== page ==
Justice Russell agreed with both of the Superintendent’s arguments concerning the Plan. He found that the Superintendent’s July 2014 decision does not approve the tent cabin proposal but rather is merely a decision to give the proposal further consideration, and accordingly there is no decision to release new lands contrary to section 4.7.1 of the Plan (2016 FC 148 at paras 76-78, 87). The ratio decidendi of Justice Russell’s judgment is that prohibitions in the Plan do not apply to these so-called preliminary or contingent decisions to give further consideration to a land-use proposal in a national park. Justice Russell states the law does not preclude Parks Canada or a parks superintendent from considering a proposal that does not comply with a park management plan (at para 92).
Justice Russell also throws a bucket of cold water on the Applicants’ position that a park management plan constitutes a legally binding document as subordinate legislation (at paras 88-91). While this aspect of Justice Russell’s ruling seems like obiter dicta and perhaps not worthy of close scrutiny, his reasoning is nonetheless problematic. Justice Russel does not apply the Supreme Court of Canada authority on the test for determining when a plan or policy document in form is legally binding subordinate legislation in substance (See Greater Vancouver Transportation Authority v Canadian Federation of Students, 2009 SCC 31 at paras 50-66). Justice Russell also seems to contradict himself by, on the one hand, acknowledging in several places of his judgment (see e.g. at paras 77 and 87) that the Plan will have to be amended and thus by implication does set out binding rules on the Superintendent, while on the other hand questioning the binding nature of the Plan itself.
In the opinion of this Court, these arguments and findings on the legal character of the Plan are fascinating legal fodder but they obscure the real problem here which is that the Superintendent failed to meet his burden to demonstrate that any consideration of this tent cabin proposal is consistent with the legislated duty in section 8(2) of the Canada National Parks Act, SC 2000 c 32 that maintenance or restoration of ecological integrity be his first priority when considering all aspects of the management of parks (emphasis added). In order to fully understand what this duty or obligation requires of the Superintendent and to illustrate why his decision is unreasonable, it is necessary to set out some context.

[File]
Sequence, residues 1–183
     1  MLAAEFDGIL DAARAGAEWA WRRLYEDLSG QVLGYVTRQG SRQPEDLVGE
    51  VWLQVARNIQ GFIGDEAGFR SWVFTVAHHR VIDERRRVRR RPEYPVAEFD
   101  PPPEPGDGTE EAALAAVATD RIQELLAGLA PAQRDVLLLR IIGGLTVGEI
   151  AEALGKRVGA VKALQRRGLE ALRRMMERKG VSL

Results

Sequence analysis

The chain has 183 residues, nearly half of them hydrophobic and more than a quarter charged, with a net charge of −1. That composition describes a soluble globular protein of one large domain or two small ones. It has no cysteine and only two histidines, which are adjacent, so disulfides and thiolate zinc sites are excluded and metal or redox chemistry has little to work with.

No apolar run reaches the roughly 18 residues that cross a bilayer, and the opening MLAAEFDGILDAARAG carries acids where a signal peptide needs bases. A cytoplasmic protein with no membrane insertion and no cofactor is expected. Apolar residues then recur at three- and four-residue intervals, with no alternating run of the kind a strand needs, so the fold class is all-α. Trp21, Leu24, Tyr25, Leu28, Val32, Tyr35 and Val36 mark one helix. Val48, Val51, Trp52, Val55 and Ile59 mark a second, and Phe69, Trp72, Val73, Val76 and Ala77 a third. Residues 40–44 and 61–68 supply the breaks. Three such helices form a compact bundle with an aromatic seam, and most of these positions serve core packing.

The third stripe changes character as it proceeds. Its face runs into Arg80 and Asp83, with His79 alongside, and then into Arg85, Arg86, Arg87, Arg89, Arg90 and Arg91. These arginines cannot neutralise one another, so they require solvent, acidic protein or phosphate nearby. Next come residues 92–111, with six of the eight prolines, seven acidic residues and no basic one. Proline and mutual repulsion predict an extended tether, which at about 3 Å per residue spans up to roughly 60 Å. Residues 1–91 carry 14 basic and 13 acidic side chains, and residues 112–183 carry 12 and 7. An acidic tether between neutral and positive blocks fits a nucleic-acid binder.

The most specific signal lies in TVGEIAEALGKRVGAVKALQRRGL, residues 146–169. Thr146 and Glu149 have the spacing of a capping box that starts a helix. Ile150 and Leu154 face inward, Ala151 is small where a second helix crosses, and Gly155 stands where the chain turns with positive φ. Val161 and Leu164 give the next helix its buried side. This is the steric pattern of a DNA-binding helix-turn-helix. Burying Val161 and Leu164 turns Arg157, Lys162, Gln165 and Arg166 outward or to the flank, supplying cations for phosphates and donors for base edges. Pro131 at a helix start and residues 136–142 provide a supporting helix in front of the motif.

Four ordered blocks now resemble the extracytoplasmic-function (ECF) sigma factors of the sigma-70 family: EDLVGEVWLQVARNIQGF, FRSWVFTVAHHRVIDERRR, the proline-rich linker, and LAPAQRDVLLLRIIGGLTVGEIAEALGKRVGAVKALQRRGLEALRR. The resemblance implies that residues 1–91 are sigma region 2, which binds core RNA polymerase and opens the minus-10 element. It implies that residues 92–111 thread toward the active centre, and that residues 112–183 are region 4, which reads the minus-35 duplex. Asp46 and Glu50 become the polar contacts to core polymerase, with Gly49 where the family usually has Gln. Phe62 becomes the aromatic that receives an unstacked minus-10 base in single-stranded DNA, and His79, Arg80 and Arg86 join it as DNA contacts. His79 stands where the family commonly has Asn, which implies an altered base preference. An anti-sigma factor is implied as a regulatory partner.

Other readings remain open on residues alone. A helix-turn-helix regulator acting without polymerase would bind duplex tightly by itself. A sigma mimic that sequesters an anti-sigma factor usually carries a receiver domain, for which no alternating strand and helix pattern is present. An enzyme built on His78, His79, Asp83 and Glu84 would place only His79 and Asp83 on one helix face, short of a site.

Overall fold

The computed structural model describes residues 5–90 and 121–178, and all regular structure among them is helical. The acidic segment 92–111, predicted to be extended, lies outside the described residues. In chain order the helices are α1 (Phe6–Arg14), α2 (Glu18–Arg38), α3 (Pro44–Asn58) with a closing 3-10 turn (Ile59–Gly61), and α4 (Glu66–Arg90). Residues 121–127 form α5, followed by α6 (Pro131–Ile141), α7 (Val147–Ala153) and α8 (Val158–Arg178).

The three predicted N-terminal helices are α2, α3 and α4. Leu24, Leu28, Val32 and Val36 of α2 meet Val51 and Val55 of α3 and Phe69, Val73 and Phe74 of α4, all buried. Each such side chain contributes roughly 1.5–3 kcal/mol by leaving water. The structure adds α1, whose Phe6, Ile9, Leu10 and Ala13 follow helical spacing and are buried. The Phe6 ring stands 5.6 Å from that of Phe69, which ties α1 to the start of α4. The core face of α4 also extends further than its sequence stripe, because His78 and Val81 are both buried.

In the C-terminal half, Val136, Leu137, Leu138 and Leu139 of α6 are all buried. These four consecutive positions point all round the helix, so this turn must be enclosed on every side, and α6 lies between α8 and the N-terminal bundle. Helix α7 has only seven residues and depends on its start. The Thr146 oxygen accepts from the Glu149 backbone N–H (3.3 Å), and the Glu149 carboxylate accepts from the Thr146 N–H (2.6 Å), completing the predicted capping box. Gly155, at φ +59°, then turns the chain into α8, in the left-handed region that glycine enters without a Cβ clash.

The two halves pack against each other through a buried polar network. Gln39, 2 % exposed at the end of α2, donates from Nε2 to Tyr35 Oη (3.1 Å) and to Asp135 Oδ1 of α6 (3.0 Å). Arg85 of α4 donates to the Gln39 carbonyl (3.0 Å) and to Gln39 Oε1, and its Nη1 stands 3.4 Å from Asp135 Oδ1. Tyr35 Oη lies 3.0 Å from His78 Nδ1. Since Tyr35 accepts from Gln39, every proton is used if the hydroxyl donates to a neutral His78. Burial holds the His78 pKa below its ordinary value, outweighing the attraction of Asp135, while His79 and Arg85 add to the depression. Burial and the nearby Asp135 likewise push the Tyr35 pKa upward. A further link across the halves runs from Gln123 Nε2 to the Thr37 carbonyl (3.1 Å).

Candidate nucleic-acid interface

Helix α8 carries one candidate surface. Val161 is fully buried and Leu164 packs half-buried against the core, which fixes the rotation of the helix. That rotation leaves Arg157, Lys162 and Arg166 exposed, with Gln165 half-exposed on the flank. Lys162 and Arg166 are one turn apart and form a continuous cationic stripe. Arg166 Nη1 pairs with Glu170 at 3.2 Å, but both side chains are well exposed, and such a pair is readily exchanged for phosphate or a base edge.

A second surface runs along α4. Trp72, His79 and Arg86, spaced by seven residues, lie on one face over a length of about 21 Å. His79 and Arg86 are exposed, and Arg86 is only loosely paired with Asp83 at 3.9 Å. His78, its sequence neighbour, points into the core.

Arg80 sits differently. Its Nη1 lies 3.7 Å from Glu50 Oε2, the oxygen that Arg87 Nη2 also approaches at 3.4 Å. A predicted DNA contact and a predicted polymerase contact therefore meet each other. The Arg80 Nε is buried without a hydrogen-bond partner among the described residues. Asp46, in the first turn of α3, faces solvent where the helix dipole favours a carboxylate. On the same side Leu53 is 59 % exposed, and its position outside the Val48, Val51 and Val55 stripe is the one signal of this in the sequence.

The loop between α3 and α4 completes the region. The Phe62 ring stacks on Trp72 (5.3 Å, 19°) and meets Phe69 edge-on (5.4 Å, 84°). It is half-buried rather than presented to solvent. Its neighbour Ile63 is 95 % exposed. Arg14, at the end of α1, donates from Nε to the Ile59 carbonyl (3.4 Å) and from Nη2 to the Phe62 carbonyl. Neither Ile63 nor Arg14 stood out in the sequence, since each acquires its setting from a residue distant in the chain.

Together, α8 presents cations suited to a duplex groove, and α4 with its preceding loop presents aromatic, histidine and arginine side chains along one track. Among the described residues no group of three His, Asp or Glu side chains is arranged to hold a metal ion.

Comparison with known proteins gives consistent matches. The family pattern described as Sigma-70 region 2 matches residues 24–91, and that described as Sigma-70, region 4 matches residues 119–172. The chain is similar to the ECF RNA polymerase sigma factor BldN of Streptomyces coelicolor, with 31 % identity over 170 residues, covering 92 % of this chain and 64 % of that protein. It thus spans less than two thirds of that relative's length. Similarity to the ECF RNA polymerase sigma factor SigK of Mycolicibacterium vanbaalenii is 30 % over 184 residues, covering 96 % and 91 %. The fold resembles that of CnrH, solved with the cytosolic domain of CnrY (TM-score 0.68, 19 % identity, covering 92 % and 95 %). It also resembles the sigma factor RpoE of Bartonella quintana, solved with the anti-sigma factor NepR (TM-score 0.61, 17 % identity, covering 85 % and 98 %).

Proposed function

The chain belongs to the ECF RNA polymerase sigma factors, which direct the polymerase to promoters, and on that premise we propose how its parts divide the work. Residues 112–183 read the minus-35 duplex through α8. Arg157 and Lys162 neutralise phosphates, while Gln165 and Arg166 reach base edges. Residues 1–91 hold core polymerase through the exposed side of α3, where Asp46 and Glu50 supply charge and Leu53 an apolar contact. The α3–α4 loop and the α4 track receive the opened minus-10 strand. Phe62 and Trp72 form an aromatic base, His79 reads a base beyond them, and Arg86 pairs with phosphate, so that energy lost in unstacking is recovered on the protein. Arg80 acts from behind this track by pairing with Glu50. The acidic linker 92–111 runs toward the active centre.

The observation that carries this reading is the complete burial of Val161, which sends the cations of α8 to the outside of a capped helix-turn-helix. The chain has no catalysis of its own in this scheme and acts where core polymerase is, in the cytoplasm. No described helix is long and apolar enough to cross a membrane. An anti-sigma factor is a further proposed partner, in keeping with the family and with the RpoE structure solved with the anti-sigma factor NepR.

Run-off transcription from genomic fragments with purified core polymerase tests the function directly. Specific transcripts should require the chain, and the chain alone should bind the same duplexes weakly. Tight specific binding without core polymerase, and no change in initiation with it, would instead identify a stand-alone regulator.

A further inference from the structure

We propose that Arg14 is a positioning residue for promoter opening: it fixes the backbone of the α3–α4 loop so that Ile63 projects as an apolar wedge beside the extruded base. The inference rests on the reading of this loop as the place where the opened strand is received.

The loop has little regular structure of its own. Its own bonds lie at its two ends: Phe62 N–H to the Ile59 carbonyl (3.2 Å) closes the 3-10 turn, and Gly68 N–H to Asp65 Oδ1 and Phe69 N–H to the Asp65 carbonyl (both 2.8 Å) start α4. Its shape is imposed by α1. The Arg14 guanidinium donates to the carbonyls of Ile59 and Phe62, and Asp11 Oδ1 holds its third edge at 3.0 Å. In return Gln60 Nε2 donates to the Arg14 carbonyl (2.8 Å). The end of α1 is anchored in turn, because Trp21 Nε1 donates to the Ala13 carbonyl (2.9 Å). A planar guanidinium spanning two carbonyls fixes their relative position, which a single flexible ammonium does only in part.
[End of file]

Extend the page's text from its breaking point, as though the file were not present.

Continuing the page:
Maligne Lake was known as Chaba Imne by the Stoney and Cree peoples before it was given its colonial name in 1908 (Pearlann Reichwein and Lisa McDermott, “Opening the Secret Garden” in Ian Maclaren, ed, Culturing Wilderness in Jasper National Park (University of Alberta Press, 2007) at 155). The euro-american discovery of Maligne Lake is credited to Mary Schäffer, a wilderness romantic from the eastern United States who travelled west to escape the shackles of eastern civilization in her mid to late 40s by exploring in the Canadian Rocky Mountains. Schäffer documented her explorations and search for this elusive lake over the summer months of 1907 and 1908 in Old Indian Trails of the Canadian Rockies, a book published in 1911 as she was preparing to conduct an official survey of Maligne Lake for the Geological Survey of Canada. Schäffer found the lake using a hand drawn map provided to her by Sampson Beaver, a Stoney hunter from Morley (“Opening the Secret Garden” at 160-161). Some of the peaks surrounding this majestic glacial lake are named after members of Schäffer’s exploration party in 1908, including Mts Unwin and Warren, and Sampson’s Peak is named after the fellow whose sketch she followed in her 1908 expedition.
There is considerable irony in this story. Mary Schäffer was determined to find an undisturbed and wild Maligne Lake ahead of the railroad’s arrival and the extensive human development which would accompany these steel veins of progress, yet the publication of her explorations and her official survey of Maligne Lake almost certainly helped pave the way for the commercial tourism that arrived at the lake during the 1920s (See Gabrielle Zezulka-Mailloux, “Laying the Tracks for Tourism” in Culturing Wilderness in Jasper National Park at 233). The law and policy framework enacted over the following decades embraced a ‘parks for people’ ideology that would not be challenged until the rise of an ecocentric vision for protected areas in late stages of the twentieth century that called for non-human nature to be protected for its own sake and the realization that the western mountain parks are the last stand for some of North America’s most symbolic species including the grizzly bear.
Preservationists such as the Applicants in this case thought the tide had finally turned in their favour when Parliament enacted section 8(2) of the Canada National Parks Act in early 2001. Section 8(2) reads as follows:
Maintenance or restoration of ecological integrity, through the protection of natural resources and natural processes, shall be the first priority of the Minister when considering all aspects of the management of parks.